2 cups of natural yoghurt.

2 small snake gourds diced.

The snake gourd has a naturally occurring waxy white surface so rub some salt on the surface before cooking or using to remove.

4-5 green chillies

2tbsp grated fresh coconut

10-15 shallots finely chopped.

1 tsp mustard seeds

2 tsp urad dal powder/paste

A handful of coriander leaves chopped

Salt to taste

Oil as required.

Let’s Cook!

Heat some oil on a medium flame and fry the mustard seeds and urad dal for 20 seconds.

Add green chillies and chopped shallots saute for 2 minutes, add diced snake gourd cook 1-2 minutes and add grated coconut and mix well.

Remove from the heat allow to cool slightly, stir in yoghurt and add salt to taste.

SAM_6995

Garnish with coriander and serve. What is raita served with? Cool, creamy raita is vegetarian and gluten-free. It is an excellent foil to the searing heat of Indian recipes and spicy foods in general.

Here…Thais choose young fruits for cooking use. The flesh of young fruit is extremely crunchy and attractive, good for soups and stir fry. Cook the leafy tendril shoots and leaves as greens. It would be unusual for Thais to make raita but as I make Indian curries for me it is ideal…

Here are some more facts about the fascinating Snake gourd.

The snake gourd or Buap nguu, serpent gourd, chichinga or Padwal are some of the other names it is known under.

Native to south-east Asia it is a vine which grows around a tree or trellis and then unfurls its large white frayed flowers. Then fruits which grow straight down towards the ground.

Can grow up to 5 feet in length sometimes a stone is tied to the small gourd to help it grow straight down as it can grow into all sorts of shapes.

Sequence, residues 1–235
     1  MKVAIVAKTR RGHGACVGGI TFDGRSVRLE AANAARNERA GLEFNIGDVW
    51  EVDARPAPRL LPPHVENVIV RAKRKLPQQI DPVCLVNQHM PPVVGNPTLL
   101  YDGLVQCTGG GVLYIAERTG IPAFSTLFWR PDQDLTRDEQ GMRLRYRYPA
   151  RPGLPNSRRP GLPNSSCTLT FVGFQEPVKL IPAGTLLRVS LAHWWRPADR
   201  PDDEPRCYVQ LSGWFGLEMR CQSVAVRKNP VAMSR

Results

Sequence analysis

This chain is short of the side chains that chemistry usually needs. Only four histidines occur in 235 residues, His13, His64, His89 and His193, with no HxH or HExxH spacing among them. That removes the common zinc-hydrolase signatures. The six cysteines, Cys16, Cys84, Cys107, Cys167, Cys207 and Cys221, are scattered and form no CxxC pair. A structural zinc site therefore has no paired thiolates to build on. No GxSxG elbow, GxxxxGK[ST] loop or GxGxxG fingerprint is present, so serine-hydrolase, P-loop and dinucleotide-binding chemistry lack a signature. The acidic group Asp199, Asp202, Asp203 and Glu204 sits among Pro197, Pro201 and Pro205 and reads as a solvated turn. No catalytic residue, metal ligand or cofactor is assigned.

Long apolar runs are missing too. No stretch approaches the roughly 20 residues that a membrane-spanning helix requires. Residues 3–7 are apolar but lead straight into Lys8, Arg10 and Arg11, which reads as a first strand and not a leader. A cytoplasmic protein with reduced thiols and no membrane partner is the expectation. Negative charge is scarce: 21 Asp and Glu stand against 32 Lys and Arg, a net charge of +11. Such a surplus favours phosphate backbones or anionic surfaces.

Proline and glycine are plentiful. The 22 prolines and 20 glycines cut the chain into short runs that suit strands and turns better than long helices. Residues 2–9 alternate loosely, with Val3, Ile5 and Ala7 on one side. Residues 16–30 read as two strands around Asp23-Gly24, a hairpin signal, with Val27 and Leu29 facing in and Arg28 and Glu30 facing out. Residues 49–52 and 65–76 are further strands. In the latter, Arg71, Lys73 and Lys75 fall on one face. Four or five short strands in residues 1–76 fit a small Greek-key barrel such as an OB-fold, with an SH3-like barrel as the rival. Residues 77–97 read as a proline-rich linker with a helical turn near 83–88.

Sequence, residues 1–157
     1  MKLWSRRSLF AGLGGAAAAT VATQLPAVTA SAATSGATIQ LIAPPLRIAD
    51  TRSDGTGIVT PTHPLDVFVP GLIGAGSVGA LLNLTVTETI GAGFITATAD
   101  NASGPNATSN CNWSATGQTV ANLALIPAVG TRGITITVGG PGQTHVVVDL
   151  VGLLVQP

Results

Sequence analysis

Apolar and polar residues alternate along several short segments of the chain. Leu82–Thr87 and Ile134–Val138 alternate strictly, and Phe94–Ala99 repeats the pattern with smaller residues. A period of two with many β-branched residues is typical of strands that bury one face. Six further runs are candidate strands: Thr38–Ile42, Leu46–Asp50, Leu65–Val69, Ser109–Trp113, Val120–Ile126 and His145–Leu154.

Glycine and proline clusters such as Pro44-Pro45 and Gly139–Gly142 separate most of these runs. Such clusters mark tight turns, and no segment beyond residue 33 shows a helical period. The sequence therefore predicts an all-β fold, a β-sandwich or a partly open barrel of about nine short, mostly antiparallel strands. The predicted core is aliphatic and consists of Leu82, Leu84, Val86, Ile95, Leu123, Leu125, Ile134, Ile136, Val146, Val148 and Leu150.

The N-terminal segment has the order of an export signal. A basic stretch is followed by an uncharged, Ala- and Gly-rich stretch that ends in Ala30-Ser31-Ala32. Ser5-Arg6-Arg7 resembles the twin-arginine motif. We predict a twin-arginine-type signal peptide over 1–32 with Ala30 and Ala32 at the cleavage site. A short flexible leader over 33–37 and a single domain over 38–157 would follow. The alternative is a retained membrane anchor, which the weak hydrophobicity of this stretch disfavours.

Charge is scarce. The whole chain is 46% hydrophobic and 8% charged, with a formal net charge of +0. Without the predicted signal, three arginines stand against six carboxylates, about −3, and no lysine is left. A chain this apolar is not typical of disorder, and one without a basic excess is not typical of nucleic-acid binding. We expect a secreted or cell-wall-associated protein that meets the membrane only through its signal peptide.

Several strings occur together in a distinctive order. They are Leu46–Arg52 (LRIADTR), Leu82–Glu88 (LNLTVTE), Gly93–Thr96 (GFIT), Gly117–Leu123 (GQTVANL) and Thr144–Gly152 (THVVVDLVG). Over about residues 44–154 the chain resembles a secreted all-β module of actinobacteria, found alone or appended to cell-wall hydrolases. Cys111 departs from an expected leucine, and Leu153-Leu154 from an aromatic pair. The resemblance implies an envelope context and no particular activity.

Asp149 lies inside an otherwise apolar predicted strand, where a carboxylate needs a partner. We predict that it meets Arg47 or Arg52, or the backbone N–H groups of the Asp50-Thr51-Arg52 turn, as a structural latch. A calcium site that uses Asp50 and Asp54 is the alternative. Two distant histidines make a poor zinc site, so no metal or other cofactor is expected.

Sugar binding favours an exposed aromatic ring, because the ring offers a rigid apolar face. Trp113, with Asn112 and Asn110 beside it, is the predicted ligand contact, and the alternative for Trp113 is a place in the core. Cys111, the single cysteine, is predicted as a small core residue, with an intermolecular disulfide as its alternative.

Also because of its length, it is used to make the traditional didgeridoo in Australia.

It turns orange when it is fully ripe but this is when it is very bitter so it is usually used in curries and raitas before it ripens fully. When ripened the flesh is sometimes used as a replacement for tomatoes.

The leaves, tendrils and other leafy parts are used as vegetable greens lightly steamed or raw.

It’s strange names and appearance have often caused it to be overlooked for its health benefits. It is proven to be very effective at improving the strength of the body’s immune system, reducing fevers and treating diabetes. Currently there much medical research into other health benefits of the Snake Gourd.

Update on the farm: The rice is growing nicely as we have had plenty of rain it does mean though that a few holes have appeared as we have a stream running through the land and when we get torrential rain the water gets quite high and can overflow ..Water also finds weak spots and comes up causing holes sometimes quite big but of course they have to be filled in so there is always plenty to do in the rainy season…

It also means that the nets can be cast and fishing is good when the rain comes and there are also plenty of frogs they are everywhere …When I went to the market not only were they being sold fresh but there were lots of BBQ frogs for sale…

I hope you have enjoyed your trip down on the farm…xx

About Carol Taylor:

Enjoying life in The Land Of Smiles I am having so much fun researching, finding new, authentic recipes both Thai and International to share with you. New recipes gleaned from those who I have met on my travels or are just passing through and stopped for a while. I hope you enjoy them.